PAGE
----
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IT STILL HURTS

Eighteen months ago I stepped down from the church I planted and led as pastor for 30 years. Since then numerous people have asked me how I am doing. Here’s my response: I’m doing well and I believe I made the right decision, but it still hurts.

Our elders and I planned and carried out the transition over the period of about three years. I knew leaving the place, the people, and the wonderful privilege of doing what I was doing—all of which I loved so much–would be a loss to me. I just didn’t know then how big a loss it would be.

I read something yesterday that gave me some insight into my loss. The authors suggested that being a pastor is a role in which many place their entire identity in the job; and when they let go they feel they have lost their identity. I suspect that partially explains the loss I felt but it’s about much more than my identity.

Early in the last 12 months of my ministry I read a book entitled A Grace Disguised by Jerry Sittser. It’s about the tragic experience of the deaths of his wife, mother, and daughter in a car accident. My loss in leaving Discovery Christian Church pales in comparison to his loss, but his book was a great help. Inside the front cover I wrote “reread chapter 6—good for any loss.”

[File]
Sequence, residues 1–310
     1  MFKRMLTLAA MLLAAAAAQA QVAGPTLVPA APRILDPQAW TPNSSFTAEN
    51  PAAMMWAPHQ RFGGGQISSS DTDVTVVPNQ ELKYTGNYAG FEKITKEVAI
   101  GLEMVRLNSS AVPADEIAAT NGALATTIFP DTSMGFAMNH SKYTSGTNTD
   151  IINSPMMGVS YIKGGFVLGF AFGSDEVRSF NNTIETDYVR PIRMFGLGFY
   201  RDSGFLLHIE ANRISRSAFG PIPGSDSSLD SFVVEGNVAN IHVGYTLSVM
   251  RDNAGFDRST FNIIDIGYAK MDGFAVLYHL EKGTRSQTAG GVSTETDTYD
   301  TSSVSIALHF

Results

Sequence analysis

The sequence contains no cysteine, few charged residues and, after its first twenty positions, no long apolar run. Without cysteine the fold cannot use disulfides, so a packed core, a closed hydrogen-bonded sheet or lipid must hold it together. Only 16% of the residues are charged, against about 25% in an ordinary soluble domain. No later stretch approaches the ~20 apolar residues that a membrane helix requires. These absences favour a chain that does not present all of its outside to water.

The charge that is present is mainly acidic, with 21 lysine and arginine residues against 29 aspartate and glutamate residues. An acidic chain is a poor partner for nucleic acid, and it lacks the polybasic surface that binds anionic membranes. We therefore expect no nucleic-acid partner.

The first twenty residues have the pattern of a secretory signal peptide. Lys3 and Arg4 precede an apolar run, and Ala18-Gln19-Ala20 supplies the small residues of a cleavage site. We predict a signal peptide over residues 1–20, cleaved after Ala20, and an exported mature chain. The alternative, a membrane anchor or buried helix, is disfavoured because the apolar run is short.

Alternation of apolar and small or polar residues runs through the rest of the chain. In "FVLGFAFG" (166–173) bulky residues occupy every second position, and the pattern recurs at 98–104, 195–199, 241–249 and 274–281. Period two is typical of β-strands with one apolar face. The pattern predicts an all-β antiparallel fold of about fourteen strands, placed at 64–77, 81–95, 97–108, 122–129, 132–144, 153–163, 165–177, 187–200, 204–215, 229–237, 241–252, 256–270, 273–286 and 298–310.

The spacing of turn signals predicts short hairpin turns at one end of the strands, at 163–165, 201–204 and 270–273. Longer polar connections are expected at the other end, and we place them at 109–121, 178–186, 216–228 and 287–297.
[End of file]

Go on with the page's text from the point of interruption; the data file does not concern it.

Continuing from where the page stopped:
In the preface to the first edition of his book Sittser wisely observes “Sooner or later all people suffer loss, in little doses or big ones, suddenly or over time, privately or in public settings. Loss is as much a normal part of life as birth.”

Is there anyone who will read this post who has not experienced loss? I distinctly remember the loss I felt both the night I graduated from high school and the afternoon I graduated from college. I remember the loss I felt when I left Bridgetown Church of Christ as youth minister and when I left Delaware Valley Church of Christ as minister. When I think back on those times of loss I still feel some sadness even though I had something new just ahead.